OPAM doesn't need many changes to support this testing, but there is more package metadata being added to facilitate the process, and tools such as oasis2opam help automate this by looking inside the packages themselves. The whole of OPAM is exported as a library so that third-party packages can interface with the OPAM repository without changing OPAM itself. This is exactly what the OCamlot project does.
OCamlot (OCaml Online Testing), is a Continuous Integration and Testing system for packages provided via OPAM. It comprises all the appropriate tools and libraries to enable management and development of the machine infrastructure, for example an OCaml library to interface with Github (available through OPAM). If you submit a package via OPAM, you will be rewarded with regular regression tests across many diverse operating systems and build tool environments. Ultimately, we would also like to integrate benchmarking, constraint exploration, experimental design, complete isolation, and domain testing into this system.
The resourcing and commissioning of the Machine Pool itself is dealt with separately from this software which utilises it.
Current status: Minimal version 0.2.0 released
The OCaml Platform is intended to combine the core OCaml compiler with a coherent set of libraries, tools, docs and other resources. The direction of the Platform will be guided by the major users of OCaml (including consortium members).
The first stage of creating the platform is to begin building OCamlot. This process will help us identify and and refine the initial libraries and tools that should form part of v0.1 of the platform proper. When OCamlot is complete, we'll be in a much better position to discuss what components should form v0.2 of the Platform.
The current state of the Platform components was also presented at OCaml 2013.
ctypes is a library for binding to C libraries using pure OCaml. The primary aim is to make writing C extensions as straightforward as possible. The current FFI in OCaml is low-level and difficult to use correctly, so we're keen to improve the ease-of-interoperability in the first Platform release.
The core of ctypes is a set of combinators for describing the structure of C types -- numeric types, arrays, pointers, structs, unions and functions. You can use these combinators to describe the types of the functions that you want to call, then bind directly to those functions -- all without writing or generating any C!
Complete by Anil Madhavapeddy (Nov 2012 - Jun 2013)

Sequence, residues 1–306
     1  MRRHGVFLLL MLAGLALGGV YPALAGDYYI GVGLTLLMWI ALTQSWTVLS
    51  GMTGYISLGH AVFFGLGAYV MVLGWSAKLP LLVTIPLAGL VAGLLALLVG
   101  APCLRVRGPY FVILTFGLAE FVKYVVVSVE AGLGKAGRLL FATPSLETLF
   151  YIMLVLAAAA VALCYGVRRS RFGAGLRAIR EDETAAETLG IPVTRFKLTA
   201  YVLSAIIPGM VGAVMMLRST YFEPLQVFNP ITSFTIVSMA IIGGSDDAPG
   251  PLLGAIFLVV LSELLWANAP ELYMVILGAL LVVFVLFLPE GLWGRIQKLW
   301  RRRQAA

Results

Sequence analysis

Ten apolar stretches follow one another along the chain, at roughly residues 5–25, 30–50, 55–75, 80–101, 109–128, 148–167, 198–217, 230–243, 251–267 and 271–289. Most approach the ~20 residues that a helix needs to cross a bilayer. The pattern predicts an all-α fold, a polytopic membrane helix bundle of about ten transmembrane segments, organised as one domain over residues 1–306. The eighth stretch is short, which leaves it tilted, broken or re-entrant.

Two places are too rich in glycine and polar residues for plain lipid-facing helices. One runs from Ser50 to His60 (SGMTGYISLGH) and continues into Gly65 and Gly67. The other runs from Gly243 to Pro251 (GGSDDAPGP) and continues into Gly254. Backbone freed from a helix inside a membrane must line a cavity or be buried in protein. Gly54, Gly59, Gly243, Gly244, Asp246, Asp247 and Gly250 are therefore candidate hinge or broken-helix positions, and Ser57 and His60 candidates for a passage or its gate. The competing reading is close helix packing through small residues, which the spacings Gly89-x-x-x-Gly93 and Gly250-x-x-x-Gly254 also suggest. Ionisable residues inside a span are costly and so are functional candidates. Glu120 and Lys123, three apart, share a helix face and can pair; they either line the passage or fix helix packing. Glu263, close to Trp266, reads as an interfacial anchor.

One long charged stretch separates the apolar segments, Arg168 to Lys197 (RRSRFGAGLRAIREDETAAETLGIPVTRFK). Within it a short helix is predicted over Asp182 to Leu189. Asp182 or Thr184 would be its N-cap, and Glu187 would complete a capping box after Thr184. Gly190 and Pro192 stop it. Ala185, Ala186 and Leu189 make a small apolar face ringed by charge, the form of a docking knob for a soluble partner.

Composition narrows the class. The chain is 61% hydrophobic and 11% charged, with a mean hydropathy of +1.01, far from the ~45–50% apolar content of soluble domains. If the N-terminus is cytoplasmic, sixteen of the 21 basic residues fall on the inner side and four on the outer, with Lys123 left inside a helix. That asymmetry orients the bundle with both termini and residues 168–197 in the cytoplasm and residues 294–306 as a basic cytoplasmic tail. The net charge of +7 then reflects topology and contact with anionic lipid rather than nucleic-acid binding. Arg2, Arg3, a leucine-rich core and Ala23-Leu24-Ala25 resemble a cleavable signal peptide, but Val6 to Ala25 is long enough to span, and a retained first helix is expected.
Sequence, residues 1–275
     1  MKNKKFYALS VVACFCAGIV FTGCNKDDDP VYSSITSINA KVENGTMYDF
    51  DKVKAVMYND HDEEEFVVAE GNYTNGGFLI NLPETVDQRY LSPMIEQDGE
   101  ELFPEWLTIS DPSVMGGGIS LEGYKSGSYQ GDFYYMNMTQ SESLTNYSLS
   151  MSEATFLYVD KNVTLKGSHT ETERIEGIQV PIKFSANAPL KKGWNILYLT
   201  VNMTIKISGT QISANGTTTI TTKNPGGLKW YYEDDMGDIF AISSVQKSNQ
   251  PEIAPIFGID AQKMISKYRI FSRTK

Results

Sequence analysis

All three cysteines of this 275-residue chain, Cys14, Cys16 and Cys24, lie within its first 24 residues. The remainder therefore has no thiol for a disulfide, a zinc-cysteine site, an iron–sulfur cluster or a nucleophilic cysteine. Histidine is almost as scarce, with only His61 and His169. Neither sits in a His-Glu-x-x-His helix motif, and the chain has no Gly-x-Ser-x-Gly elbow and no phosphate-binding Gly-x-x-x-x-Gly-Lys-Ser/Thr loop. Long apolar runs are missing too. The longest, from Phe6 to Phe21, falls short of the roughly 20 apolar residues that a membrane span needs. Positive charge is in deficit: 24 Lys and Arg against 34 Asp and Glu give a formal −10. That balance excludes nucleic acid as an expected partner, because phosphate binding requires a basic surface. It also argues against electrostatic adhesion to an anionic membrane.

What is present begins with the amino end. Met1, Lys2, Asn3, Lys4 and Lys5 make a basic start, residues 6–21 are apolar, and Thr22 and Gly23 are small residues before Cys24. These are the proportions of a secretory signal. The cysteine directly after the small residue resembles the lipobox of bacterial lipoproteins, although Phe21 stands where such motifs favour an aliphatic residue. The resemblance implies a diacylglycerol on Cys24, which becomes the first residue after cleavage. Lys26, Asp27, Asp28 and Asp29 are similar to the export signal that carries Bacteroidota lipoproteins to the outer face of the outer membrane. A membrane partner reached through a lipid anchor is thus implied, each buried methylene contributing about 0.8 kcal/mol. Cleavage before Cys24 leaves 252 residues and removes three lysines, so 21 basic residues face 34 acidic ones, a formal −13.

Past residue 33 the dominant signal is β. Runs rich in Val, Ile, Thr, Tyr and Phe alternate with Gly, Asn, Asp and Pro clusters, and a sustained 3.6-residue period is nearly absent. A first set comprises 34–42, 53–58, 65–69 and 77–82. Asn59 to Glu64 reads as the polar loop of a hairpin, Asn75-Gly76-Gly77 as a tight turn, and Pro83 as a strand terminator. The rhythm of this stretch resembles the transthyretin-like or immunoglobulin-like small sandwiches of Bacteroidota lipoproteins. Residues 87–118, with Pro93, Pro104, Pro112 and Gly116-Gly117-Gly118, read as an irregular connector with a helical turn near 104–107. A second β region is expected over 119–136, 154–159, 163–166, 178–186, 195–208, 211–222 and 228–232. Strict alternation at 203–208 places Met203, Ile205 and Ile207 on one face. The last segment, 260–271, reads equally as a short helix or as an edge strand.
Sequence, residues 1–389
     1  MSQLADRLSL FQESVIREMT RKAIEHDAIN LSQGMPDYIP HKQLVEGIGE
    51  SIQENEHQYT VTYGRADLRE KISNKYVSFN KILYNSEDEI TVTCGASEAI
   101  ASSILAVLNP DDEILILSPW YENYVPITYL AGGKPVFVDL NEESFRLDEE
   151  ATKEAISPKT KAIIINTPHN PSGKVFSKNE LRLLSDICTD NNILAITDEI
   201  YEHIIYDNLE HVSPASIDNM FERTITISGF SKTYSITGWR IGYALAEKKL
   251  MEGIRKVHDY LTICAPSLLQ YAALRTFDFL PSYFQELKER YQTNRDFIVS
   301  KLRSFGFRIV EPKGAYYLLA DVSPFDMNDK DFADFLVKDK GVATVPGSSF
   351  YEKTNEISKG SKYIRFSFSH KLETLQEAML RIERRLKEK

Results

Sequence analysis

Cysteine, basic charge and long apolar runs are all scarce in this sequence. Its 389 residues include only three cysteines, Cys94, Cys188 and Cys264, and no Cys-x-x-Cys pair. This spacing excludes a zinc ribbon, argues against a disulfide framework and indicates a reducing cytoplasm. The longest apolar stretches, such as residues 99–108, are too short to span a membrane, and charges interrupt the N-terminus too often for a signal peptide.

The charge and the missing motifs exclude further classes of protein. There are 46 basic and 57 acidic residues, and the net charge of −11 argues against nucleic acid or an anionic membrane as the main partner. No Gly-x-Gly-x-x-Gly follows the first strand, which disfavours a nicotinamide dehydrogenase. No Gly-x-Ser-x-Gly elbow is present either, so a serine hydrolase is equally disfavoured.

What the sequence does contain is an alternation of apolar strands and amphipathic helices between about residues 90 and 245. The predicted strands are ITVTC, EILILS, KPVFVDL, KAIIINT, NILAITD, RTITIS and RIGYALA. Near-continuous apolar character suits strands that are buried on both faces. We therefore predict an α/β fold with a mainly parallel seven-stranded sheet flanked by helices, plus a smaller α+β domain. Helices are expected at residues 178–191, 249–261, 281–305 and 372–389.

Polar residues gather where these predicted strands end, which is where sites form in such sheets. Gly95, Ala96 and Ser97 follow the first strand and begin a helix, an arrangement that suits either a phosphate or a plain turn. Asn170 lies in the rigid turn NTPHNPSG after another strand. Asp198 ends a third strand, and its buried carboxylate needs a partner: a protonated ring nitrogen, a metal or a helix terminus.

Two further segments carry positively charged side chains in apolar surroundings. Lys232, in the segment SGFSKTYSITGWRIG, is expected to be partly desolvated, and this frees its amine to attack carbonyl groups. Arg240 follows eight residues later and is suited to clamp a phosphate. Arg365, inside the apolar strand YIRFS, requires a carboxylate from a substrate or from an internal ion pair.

In order to create a robust and stable Continuous Integration system, we need a pool of machines that reflect the diverse environments where OCaml code is deployed.
To this end, we've been assembling a small collection of conventional high-powered machines that can build the whole OPAM package set quite quickly, and also more unusual CPU architectures and operating systems that will help developers that don't have access to them. So far we have:
- 12-core AMD64/Linux Debian 64-bit
- 12-core AMD64/Linux Debian 32-bit
- ARMv6l/Raspbian Linux 32-bit (Raspberry Pi 512MB)
- ARMv5tel/Debian Linux 32-bit (Dreamplug)
- sparc64/FreeBSD (thanks to Jasper Wallace for the donation)
- macppc/OpenBSD (G4 Powerbook) (thanks to Dave Scott for the donation)
- AMD64/MacOS X 10.8
- iMac G5/Debian Linux 64-bit
OPAM 1.0 is a source-based package manager for OCaml. It supports multiple simultaneous compiler installations, flexible package constraints, and a Git-friendly development workflow.
The goal of the first version of OPAM was to get something released that would
provide basic package management facilities to the community, but also be
designed with distributed open-source design in mind. To that end, OPAM 1.0
mechanism which lets you combine local development trees with other people's
remote Git or Darcs repositories. Whenever
opam update is run, all the
remotes are refreshed and merged, letting you subscribe to other people's
compilers and package trees.
This first version is build-system agnostic in the interests of compatibility with the large existing body of third party external source code, and so can't do much in the way of advanced manipulation of the packages.
OPAM 1.0 has been a great success. Since its release, there have been hundreds of external contributions from the community, and over 500 packages are now contained within the main package repository!